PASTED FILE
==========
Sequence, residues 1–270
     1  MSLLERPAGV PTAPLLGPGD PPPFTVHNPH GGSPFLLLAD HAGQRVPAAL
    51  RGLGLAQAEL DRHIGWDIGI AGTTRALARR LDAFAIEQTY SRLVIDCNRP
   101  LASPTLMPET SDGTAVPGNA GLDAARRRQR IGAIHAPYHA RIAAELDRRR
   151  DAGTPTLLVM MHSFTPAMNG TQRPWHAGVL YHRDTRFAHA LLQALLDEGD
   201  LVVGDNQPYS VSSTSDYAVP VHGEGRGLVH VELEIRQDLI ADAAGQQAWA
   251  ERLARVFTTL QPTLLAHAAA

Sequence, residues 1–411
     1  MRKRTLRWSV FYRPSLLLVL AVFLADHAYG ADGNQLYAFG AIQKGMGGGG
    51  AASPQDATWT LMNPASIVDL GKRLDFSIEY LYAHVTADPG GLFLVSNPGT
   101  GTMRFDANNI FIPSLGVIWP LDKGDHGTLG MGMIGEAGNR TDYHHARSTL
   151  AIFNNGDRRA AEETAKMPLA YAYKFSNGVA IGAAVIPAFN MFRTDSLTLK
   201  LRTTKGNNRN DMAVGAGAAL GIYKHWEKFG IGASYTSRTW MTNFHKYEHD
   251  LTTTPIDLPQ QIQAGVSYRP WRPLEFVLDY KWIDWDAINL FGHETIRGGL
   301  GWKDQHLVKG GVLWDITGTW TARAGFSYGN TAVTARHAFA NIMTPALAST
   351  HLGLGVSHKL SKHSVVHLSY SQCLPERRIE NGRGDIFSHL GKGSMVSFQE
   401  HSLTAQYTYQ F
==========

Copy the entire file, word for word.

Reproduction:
Sequence, residues 1–270
     1  MSLLERPAGV PTAPLLGPGD PPPFTVHNPH GGSPFLLLAD HAGQRVPAAL
    51  RGLGLAQAEL DRHIGWDIGI AGTTRALARR LDAFAIEQTY SRLVIDCNRP
   101  LASPTLMPET SDGTAVPGNA GLDAARRRQR IGAIHAPYHA RIAAELDRRR
   151  DAGTPTLLVM MHSFTPAMNG TQRPWHAGVL YHRDTRFAHA LLQALLDEGD
   201  LVVGDNQPYS VSSTSDYAVP VHGEGRGLVH VELEIRQDLI ADAAGQQAWA
   251  ERLARVFTTL QPTLLAHAAA

Sequence, residues 1–411
     1  MRKRTLRWSV FYRPSLLLVL AVFLADHAYG ADGNQLYAFG AIQKGMGGGG
    51  AASPQDATWT LMNPASIVDL GKRLDFSIEY LYAHVTADPG GLFLVSNPGT
   101  GTMRFDANNI FIPSLGVIWP LDKGDHGTLG MGMIGEAGNR TDYHHARSTL
   151  AIFNNGDRRA AEETAKMPLA YAYKFSNGVA IGAAVIPAFN MFRTDSLTLK
   201  LRTTKGNNRN DMAVGAGAAL GIYKHWEKFG IGASYTSRTW MTNFHKYEHD
   251  LTTTPIDLPQ QIQAGVSYRP WRPLEFVLDY KWIDWDAINL FGHETIRGGL
   301  GWKDQHLVKG GVLWDITGTW TARAGFSYGN TAVTARHAFA NIMTPALAST
   351  HLGLGVSHKL SKHSVVHLSY SQCLPERRIE NGRGDIFSHL GKGSMVSFQE
   401  HSLTAQYTYQ F